And no, it’s not “When Katie realized she couldn’t afford to buy," but good guess.
Feeling compelled to purchase a home is an urge fraught with emotion.
There’s a sense of ownership and empowerment that renting can’t offer in the same way buying does.
If you drive through the quaint-yet-inexplicably-impossible-to-afford areas of your town longing for the day when you and bae can pose for an Instagram next to the SOLD sign in the yard, today I’m going to encourage you to consider this decision a little differently.
This is especially poignant for people in their 20s who feel like they need to at least think about buying to be considered Successful Young Adults™, but can't imagine it becoming a reality without fancy financing. Well, my friends, shrug off that pressure and read on.
After all, it’s just math.
Ew, math. Right? Wrong! Math is sexy when it makes you rich!
Of course, I’m talking about the 1% rule.
In essence, the 1% rule functions on two sides of the same coin.
As an owner…
If you can rent out your real estate for at least 1% of its total value, it’s (generally) considered a good investment.
I was never fantastic in math class and loved a good example, so here we go.
Someone who owns a home valued at $200,000 would need to charge at least $2,000 in rent monthly to indicate profit.
As a renter…
If you’re paying rent that’s 1% or more the value of a home you could afford, you should consider buying.
So let’s say you’re (comfortably) paying $2,500 in rent (which—if this is you—why are you reading my blog? YOU should be blogging about how you afford $2,500 in rent! TEACH US!). That means you could “afford” (a relative term, I’m learning) something priced at $250,000 or lower, assuming your current residence is indicative of how the market works in your area.
But not so fast...
Like I said, it’s math.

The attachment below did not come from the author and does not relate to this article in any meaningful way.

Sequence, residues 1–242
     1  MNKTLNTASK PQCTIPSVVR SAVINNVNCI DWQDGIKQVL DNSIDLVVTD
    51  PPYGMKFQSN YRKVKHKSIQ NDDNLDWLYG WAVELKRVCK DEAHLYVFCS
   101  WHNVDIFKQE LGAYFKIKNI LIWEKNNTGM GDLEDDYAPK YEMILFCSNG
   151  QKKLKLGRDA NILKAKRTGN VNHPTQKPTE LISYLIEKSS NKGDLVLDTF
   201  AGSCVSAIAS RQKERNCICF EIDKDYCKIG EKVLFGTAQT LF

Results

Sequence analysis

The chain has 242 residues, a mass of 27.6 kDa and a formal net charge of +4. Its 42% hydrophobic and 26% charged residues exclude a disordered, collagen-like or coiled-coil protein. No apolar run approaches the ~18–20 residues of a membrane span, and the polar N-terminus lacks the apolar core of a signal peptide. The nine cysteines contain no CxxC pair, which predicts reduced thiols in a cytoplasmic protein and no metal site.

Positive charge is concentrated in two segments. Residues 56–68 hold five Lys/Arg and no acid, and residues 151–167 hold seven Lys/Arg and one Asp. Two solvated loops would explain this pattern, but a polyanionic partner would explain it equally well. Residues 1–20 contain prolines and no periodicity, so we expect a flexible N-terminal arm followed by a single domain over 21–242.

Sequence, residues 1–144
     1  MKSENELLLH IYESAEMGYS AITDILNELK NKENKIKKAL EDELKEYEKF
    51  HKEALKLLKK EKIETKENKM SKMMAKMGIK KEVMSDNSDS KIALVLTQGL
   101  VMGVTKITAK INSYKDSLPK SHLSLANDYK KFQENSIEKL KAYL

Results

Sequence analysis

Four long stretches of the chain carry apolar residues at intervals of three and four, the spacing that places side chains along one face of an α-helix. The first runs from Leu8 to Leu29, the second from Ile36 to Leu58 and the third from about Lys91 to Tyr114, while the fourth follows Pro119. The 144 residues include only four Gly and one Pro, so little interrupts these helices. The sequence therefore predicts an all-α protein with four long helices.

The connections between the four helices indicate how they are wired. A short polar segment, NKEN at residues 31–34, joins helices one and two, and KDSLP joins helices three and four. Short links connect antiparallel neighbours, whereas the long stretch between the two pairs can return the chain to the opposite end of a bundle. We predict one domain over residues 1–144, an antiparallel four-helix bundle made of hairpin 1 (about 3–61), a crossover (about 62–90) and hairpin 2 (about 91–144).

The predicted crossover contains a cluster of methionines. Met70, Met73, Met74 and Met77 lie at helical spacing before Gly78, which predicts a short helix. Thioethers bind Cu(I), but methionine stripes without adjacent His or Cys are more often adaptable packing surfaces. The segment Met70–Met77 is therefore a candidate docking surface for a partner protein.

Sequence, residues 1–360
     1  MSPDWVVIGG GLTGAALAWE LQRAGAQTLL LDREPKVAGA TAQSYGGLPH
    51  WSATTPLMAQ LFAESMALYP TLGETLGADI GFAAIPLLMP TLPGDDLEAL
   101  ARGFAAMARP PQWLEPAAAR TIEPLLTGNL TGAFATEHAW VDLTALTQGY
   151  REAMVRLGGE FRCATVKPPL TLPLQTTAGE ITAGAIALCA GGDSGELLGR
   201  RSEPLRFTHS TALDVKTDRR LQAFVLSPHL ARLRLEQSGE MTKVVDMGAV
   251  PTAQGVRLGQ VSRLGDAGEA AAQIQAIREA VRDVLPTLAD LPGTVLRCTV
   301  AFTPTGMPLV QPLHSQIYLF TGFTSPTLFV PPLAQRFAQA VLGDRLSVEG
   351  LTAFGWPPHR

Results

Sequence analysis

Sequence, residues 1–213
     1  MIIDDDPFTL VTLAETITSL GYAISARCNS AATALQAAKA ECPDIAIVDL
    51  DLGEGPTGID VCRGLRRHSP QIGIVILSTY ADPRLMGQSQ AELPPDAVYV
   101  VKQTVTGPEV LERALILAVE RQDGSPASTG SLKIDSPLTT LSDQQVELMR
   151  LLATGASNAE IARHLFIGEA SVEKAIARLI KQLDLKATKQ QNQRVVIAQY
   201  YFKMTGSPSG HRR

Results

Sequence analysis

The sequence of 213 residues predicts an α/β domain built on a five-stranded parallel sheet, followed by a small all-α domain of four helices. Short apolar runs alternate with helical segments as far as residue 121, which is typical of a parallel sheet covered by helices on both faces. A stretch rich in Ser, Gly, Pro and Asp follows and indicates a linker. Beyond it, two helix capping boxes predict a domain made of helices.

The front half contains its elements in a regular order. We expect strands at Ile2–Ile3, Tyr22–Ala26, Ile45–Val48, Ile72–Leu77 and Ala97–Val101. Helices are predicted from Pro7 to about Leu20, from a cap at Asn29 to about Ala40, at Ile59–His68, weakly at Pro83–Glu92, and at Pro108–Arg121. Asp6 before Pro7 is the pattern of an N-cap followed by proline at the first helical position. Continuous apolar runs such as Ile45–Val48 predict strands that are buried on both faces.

If your rent is $897 per month like mine, it means the equivalent in purchasing would be a home that’s $89,700—a laughably low price for an area like Dallas with Texas-sized appreciation. But if I were paying $897 a month in a market where there were loads of $90,000 homes sitting around, I'd consider buying!
(Side note, a quote I heard in one of the podcasts listed below: Buying in a hot market is generally a poor plan since it usually means the majority of the appreciation has already happened.)
The good news about the 1% rule is that it doesn’t rely on appreciation in order to work—sure, appreciation is great, but it doesn’t have to happen in order for your investment to be considered fiscally sound.
Because hey, real estate (like anything) can become a bad investment if things don't go your way.
That surprised me while I was researching for this post. The average number varied a little bit (keep in mind, we’re talking nationally—not in anomaly markets like New York, San Francisco, etc.), but the average 10-year rate of return on residential real estate that I found most was between 6 and 7.5%.
The average 10-year rate of return for the stock market was between 8 and 10%.
Of course, these numbers are based on the past and don't predict the future. But they're a good place to start for argument's sake.